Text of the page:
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RS 2477: Archaic law imperils private property

By A.J. Chamberlin
web posted May 10, 2004

When my family and I moved into the mountains in 2002, we thought we were fulfilling a dream. Little did we suspect, however, that it would soon turn into a nightmare, and that our troubles would be caused by an outdated and outrageously abused highway law known as Revised Statute 2477. The name of this arcane statute might be forgettable, but all Western landowners should heed the threat it carries.

Here's how our nightmare unfolded. Before purchasing the property in Boulder County, I asked the listing agent about the rough two-track that bisected it. I was told that the previous owner added it to access a prospective building site and that it was also expanded as a firebreak in the late 1980s. I even checked with the county, which confirmed that it was indeed a private road.

Being a real estate agent, I thought I had covered all the bases. Then I learned, with devastating consequences, about the RS 2477 loophole.

After we had built our house and let the neighbors know that we would now be occupying the property, we put a gate up at the end of our driveway. In less than 12 hours, the gates had been ripped down. Many more acts of vandalism soon followed.

Soon after that, I found out that the county would be holding a hearing to discuss my driveway.

At the hearing, county officials said that my driveway may be a "public highway" under RS 2477. We soon learned the only way to protect our property rights was to endure costly litigation aimed at determining whether or not this two-track is a "public highway."

For the uninitiated, RS 2477 is an antiquated statute that dates back to the Civil War era. The original intent of the law was to provide for Western expansion and homesteading in the later half of the 1800s. After determining that the law had since served its purpose, Congress repealed it in 1976. Valid and existing rights, however, were to be honored, which created the legal loophole that some local governments and recreational vehicle groups are now exploiting and abusing.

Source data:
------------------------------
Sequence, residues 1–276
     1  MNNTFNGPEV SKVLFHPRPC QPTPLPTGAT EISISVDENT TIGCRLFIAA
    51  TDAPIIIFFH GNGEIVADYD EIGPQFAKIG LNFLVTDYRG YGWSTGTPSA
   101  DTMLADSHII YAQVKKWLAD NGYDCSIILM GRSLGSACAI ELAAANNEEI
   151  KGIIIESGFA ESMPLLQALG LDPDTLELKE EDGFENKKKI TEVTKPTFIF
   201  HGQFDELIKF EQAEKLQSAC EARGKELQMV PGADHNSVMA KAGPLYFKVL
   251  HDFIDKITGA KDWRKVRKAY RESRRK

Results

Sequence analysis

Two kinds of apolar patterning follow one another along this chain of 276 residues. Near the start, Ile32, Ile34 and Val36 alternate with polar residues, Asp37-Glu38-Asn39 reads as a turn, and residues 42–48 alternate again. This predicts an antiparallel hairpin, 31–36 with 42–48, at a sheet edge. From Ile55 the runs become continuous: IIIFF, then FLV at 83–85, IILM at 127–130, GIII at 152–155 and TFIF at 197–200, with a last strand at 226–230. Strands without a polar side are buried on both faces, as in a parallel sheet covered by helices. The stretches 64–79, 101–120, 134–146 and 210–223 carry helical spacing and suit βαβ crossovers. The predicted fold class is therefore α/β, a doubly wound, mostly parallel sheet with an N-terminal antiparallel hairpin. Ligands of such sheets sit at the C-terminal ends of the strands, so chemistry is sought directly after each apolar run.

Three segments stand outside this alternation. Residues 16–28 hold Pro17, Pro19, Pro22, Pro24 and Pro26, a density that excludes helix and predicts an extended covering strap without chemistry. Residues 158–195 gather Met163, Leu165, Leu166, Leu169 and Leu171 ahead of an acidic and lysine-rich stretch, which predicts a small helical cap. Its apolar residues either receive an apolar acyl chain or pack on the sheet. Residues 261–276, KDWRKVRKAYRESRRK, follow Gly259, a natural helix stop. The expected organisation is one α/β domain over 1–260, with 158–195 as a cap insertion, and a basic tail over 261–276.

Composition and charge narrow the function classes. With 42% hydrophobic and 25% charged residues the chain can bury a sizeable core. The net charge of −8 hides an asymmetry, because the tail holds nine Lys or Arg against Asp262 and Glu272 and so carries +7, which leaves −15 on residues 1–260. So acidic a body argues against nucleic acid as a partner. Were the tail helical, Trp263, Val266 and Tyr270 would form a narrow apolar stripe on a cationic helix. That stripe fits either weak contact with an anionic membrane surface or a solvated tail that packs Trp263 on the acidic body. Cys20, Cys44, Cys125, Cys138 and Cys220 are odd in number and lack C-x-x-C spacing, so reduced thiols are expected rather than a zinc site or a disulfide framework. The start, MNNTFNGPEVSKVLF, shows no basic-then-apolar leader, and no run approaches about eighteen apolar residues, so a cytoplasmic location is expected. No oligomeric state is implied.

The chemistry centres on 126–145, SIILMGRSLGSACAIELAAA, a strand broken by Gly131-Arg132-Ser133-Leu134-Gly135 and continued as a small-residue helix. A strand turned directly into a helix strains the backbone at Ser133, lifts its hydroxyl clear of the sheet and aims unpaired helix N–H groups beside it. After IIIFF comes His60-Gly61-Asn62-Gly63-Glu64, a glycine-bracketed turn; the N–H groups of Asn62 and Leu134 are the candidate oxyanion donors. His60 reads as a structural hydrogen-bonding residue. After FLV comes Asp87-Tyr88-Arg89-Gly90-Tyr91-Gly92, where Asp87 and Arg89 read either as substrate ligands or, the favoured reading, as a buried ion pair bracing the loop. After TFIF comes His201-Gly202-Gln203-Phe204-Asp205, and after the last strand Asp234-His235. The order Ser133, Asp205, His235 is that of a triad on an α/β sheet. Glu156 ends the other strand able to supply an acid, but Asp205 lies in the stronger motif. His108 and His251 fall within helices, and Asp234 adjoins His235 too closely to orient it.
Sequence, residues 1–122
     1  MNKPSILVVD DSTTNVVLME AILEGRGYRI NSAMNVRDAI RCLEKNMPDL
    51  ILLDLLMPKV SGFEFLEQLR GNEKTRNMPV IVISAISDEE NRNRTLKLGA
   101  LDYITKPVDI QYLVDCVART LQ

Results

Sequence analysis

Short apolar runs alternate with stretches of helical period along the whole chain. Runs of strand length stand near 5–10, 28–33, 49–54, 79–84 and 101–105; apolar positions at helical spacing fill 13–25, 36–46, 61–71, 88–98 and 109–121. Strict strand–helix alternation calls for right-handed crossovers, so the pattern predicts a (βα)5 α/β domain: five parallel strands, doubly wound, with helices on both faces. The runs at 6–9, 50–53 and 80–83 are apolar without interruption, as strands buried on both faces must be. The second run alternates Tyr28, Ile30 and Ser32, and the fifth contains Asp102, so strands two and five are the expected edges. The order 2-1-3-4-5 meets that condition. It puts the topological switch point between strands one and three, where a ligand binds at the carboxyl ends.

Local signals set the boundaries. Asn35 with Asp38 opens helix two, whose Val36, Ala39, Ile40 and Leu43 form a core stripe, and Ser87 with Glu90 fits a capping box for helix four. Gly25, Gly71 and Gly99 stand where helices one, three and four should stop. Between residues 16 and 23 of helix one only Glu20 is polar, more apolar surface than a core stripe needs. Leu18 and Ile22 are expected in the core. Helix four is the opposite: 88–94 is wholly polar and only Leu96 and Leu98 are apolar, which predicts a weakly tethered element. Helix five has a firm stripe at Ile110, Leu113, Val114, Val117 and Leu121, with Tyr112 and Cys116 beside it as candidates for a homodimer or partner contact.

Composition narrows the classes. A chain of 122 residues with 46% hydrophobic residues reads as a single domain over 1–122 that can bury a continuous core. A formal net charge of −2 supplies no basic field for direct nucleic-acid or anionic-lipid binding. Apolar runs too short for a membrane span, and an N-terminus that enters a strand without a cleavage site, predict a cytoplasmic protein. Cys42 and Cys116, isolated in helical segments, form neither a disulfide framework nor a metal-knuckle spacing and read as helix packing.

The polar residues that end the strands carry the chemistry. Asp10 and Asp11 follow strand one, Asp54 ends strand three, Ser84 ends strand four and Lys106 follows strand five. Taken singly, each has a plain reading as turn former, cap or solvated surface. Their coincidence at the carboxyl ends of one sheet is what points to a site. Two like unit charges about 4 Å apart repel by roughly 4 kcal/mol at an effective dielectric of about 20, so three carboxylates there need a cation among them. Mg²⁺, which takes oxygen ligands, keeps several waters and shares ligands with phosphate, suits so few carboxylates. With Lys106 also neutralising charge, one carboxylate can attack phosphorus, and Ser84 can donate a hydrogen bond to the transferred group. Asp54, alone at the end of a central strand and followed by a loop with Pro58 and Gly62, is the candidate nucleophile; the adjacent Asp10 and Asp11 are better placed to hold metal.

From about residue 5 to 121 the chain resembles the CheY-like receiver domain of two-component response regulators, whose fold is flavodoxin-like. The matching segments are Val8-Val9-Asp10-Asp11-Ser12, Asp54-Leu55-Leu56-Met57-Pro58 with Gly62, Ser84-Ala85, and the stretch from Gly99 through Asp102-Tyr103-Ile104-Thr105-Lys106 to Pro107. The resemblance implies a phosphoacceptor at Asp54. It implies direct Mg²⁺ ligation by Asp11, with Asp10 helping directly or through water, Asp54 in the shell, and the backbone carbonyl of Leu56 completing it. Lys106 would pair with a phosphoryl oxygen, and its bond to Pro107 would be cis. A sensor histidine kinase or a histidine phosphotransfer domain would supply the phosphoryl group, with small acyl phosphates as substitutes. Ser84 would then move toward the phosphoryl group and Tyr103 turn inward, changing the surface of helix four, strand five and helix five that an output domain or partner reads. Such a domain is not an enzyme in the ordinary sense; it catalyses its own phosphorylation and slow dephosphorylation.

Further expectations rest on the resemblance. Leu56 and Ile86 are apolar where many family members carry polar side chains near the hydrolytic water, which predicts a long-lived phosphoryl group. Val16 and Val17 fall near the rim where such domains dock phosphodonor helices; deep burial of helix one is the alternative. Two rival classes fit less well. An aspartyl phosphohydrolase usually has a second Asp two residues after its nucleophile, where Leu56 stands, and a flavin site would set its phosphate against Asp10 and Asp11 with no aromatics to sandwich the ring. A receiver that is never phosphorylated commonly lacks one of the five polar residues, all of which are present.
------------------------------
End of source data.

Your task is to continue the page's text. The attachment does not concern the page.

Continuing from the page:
My family is not the only one battling this old law. There are stories like this all over the West, with no end in sight. RS 2477 highways never expire so there is truly no protection for landowners. Pity the landowner with a path that off-road vehicle groups one day decide represents a desirable access route.

No matter how absurd, there is no logical process to deal with these assertions, no recourse for affected landowners short of costly litigation. And as a real estate agent there is no way I now can be confident that I can represent clients in good faith with regards to the sanctity of their land.

There is a way to put this issue to rest once and for all. Congress needs to act to close this loophole. Landowners need consistent standards for what is and is not a constructed highway under this old law. We need a process so counties and off-road vehicle groups cannot just assert their perceived rights and make landowners foot the bill. This fair and open process should contain deadlines for asserting RS 2477 highways, so that this issue can finally be put to rest.

A recent Colorado state Senate resolution urging Congress to set standards that will settle RS 2477 disputes passed with overwhelmingly bipartisan support. Our Senate should be applauded for supporting landowners and our interests.

We cannot live like this: waiting and hoping our property will not be taken away because Congress failed to put in place a fair and modern process to determine where highways exist.

How many more property owners need to waste time and money fighting these fictitious roads until Congress fixes this problem? Please join the state Senate by calling on our congressional delegation to find a fair, balanced and timely solution and close this unfair loophole.

A.J. Chamberlin is president and founding member of Property Owners for Sensible Road Policy and can be contacted at (303)588-8999 or through their Web site at www.posrp.org.

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